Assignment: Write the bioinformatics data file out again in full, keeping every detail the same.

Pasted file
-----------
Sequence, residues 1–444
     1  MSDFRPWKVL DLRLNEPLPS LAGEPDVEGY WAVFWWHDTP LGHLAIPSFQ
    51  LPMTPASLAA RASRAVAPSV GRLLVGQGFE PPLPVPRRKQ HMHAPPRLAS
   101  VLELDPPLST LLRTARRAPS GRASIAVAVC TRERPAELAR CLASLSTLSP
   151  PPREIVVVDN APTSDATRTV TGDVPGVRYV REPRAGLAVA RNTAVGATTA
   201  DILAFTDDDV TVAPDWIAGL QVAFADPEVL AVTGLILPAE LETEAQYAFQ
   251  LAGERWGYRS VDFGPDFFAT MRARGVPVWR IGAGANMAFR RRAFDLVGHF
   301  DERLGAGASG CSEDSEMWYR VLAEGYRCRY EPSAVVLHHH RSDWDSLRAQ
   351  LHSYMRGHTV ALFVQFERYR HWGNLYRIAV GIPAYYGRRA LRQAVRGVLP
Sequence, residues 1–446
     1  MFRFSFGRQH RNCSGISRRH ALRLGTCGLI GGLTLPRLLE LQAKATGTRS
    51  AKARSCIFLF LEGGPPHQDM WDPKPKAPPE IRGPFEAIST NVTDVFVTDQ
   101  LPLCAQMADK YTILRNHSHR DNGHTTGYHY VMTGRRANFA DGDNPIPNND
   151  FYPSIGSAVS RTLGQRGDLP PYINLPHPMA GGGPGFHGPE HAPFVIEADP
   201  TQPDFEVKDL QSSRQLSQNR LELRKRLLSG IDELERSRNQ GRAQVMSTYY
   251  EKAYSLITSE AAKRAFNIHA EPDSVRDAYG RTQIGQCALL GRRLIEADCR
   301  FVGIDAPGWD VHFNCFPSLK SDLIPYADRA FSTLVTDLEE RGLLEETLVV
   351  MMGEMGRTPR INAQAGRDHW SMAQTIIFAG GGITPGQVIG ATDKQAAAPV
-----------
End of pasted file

Sequence, residues 1–444
     1  MSDFRPWKVL DLRLNEPLPS LAGEPDVEGY WAVFWWHDTP LGHLAIPSFQ
    51  LPMTPASLAA RASRAVAPSV GRLLVGQGFE PPLPVPRRKQ HMHAPPRLAS
   101  VLELDPPLST LLRTARRAPS GRASIAVAVC TRERPAELAR CLASLSTLSP
   151  PPREIVVVDN APTSDATRTV TGDVPGVRYV REPRAGLAVA RNTAVGATTA
   201  DILAFTDDDV TVAPDWIAGL QVAFADPEVL AVTGLILPAE LETEAQYAFQ
   251  LAGERWGYRS VDFGPDFFAT MRARGVPVWR IGAGANMAFR RRAFDLVGHF
   301  DERLGAGASG CSEDSEMWYR VLAEGYRCRY EPSAVVLHHH RSDWDSLRAQ
   351  LHSYMRGHTV ALFVQFERYR HWGNLYRIAV GIPAYYGRRA LRQAVRGVLP
Sequence, residues 1–446
     1  MFRFSFGRQH RNCSGISRRH ALRLGTCGLI GGLTLPRLLE LQAKATGTRS
    51  AKARSCIFLF LEGGPPHQDM WDPKPKAPPE IRGPFEAIST NVTDVFVTDQ
   101  LPLCAQMADK YTILRNHSHR DNGHTTGYHY VMTGRRANFA DGDNPIPNND
   151  FYPSIGSAVS RTLGQRGDLP PYINLPHPMA GGGPGFHGPE HAPFVIEADP
   201  TQPDFEVKDL QSSRQLSQNR LELRKRLLSG IDELERSRNQ GRAQVMSTYY
   251  EKAYSLITSE AAKRAFNIHA EPDSVRDAYG RTQIGQCALL GRRLIEADCR
   301  FVGIDAPGWD VHFNCFPSLK SDLIPYADRA FSTLVTDLEE RGLLEETLVV
   351  MMGEMGRTPR INAQAGRDHW SMAQTIIFAG GGITPGQVIG ATDKQAAAPV